And over-reacting has become easier and cheaper over the past decade or so with the increasing popularity of online trading. Back in the ol' days, a stock investor had to personally call their broker to place an order and paid steep commissions for the privilege. Those fees cut directly into the investor's profits or magnified their losses, and so the commission fee alone was often high enough to discourage investors' over-reaction to market swings. Now, it's easy to hop online anytime to check on investments, and the low cost of online transactions through a discount broker may encourage even long-term investors to fiddle around with their holdings when they hear or read news that they may not have been so quick to react to in the past.
Hedge Fund Redemptions Put Downward Pressure on Stock Prices.
Waves of investor redemptions of hedge fund shares are also to blame for some of the market volatility. Hedge funds, just like everything else, have performed poorly and many investors are scared and just want out. So hedge funds are being forced to liquidate their assets in order to meet their investors' demands to cash out, even if it means they have to sell investments at a loss. As hedge funds lose money, more investors will want out, and the downward spiral continues.
Also, since hedge funds have fewer restrictions than mutual funds and often take additional risks to increase profit, like short-selling, using options, or investing with borrowed money, it means that many of them will have to sell much more than the actual dollar amount of the redemptions. Many hedge funds are now carrying record levels of cash - somewhere in the area of 20% to 30% cash (and some hedge funds are even holding much more than that in cash) - in preparation for the wave of investor redemptions.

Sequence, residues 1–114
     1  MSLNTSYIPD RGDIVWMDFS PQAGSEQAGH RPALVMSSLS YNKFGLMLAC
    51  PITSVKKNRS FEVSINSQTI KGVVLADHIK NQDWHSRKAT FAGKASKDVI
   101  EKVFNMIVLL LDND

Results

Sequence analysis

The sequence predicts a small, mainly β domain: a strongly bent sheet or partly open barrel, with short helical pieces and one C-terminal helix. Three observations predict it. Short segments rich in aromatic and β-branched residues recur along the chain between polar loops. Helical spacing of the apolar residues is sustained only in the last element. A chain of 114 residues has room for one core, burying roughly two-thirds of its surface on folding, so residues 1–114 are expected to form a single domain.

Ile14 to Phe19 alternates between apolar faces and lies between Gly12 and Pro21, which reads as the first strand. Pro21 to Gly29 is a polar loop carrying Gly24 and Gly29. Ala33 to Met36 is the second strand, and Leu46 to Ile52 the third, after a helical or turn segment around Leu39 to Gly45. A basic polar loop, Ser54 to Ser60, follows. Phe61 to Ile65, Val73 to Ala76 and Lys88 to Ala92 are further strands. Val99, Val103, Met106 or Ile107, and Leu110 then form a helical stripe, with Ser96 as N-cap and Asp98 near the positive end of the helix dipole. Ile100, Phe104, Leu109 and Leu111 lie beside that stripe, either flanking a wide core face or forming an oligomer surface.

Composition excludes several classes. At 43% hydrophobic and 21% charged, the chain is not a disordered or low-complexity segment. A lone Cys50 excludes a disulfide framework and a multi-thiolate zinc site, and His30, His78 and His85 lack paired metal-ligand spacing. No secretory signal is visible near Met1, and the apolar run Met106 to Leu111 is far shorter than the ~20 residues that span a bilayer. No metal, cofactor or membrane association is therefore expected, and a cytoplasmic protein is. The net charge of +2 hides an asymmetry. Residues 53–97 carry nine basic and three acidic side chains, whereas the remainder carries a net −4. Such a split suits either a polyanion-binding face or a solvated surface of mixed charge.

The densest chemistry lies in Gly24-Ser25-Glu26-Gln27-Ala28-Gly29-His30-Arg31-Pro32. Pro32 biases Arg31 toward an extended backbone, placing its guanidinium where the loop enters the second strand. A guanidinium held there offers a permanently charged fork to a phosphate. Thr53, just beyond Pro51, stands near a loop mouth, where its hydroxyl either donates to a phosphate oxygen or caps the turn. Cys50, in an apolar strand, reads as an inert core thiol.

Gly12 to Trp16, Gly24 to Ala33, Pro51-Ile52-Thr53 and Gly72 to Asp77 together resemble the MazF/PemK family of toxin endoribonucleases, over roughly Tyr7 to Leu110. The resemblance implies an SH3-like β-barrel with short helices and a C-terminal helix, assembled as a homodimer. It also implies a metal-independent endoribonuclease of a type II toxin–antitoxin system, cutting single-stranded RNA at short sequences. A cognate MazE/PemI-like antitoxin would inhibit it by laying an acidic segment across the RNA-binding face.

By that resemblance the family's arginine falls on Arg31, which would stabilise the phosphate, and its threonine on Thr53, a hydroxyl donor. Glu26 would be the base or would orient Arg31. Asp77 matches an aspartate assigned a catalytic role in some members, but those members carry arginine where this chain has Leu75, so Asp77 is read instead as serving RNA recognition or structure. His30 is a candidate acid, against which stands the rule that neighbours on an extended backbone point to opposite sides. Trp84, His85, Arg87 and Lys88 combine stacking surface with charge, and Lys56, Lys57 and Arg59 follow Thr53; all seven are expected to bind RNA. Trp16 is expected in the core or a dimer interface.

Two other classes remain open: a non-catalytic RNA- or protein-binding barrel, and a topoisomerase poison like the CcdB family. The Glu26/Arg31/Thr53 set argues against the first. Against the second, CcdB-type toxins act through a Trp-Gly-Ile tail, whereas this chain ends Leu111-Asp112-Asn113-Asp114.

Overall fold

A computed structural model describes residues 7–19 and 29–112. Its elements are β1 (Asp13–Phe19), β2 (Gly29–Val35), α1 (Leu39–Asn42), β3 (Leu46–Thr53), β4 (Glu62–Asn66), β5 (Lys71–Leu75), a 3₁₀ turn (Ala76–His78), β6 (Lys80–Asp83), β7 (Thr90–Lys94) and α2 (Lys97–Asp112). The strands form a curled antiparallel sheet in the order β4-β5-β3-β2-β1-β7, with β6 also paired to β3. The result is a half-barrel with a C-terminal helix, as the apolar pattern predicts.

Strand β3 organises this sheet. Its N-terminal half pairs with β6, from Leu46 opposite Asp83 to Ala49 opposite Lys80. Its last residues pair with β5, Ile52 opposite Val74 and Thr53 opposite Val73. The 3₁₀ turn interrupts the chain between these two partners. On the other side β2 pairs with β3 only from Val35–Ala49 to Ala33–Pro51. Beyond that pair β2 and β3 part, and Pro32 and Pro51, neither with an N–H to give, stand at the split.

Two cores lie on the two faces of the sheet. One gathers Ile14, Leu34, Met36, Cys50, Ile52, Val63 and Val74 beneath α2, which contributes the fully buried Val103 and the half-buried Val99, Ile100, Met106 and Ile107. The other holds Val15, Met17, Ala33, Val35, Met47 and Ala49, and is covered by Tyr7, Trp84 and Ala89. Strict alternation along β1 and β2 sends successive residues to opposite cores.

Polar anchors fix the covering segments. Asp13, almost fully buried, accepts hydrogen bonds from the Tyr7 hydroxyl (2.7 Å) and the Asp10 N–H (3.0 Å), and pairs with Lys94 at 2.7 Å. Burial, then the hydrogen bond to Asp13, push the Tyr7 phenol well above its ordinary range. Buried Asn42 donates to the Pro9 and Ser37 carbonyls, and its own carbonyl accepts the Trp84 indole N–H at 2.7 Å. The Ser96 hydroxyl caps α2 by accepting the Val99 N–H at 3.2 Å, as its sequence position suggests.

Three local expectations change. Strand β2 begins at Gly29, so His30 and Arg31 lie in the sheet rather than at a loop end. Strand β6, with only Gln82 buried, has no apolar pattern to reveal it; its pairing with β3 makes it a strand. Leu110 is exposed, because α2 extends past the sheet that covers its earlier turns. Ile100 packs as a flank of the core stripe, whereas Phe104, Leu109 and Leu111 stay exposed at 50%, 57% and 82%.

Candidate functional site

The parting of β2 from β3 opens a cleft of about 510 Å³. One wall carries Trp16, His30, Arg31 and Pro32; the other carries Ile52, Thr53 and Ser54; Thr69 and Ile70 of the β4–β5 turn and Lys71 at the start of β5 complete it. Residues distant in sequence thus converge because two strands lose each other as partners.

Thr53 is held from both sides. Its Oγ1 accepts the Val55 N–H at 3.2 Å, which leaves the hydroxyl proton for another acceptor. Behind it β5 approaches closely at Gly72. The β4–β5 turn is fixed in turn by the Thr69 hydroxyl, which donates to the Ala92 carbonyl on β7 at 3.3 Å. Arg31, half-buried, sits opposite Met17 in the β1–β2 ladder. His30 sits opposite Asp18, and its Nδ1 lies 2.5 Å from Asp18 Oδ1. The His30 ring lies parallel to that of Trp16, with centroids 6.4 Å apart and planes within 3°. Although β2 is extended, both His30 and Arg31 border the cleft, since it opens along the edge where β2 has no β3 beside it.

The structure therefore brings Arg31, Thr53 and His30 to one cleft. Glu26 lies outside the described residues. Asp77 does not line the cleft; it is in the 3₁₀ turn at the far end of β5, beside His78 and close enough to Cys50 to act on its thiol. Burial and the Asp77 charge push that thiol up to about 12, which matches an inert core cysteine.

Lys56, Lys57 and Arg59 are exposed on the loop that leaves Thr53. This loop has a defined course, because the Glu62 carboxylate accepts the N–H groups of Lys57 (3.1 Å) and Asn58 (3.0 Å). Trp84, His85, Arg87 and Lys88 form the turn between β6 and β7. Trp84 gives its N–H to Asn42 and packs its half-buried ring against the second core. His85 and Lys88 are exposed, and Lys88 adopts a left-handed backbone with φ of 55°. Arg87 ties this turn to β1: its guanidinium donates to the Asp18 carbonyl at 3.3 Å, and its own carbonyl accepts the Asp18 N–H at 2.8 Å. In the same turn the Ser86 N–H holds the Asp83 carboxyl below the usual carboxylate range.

So as these massive hedge funds dump their shares to meet investors' redemption demands, the stocks those funds invest in will suffer - meaning that there will be good deals to be had. If you're already holding stock in these companies, it may be a chance to increase your number of shares at a discount, as long as the company's fundamentals remain strong. Hedge funds generally allow investors to redeem shares each quarter, so the mass redemptions are expected to continue in waves for at least the next six months. But some say that it may take up to two years to know how badly hedge fund redemptions will affect the markets.
Tip-toe Carefully in a Bear Market.
The upcoming months can offer great opportunity for the disciplined investor with a well-thought out investment plan of action. Carefully research your prospects, make investment decisions for the long-term, and be patient.
Often quoted are Warren Buffet's famous words, "Be fearful when others are greedy, and be greedy when others are fearful." Well, there's quite a bit of fear out there right now, so this sounds like a perfect time to take action that can really pay off in the long run. Going against the herd can be a little unnerving, but you may miss out on a great opportunity to grow your portfolio at a lower cost-per-share if you wait until the herd feels it's safe to turn the other direction.
International Business Times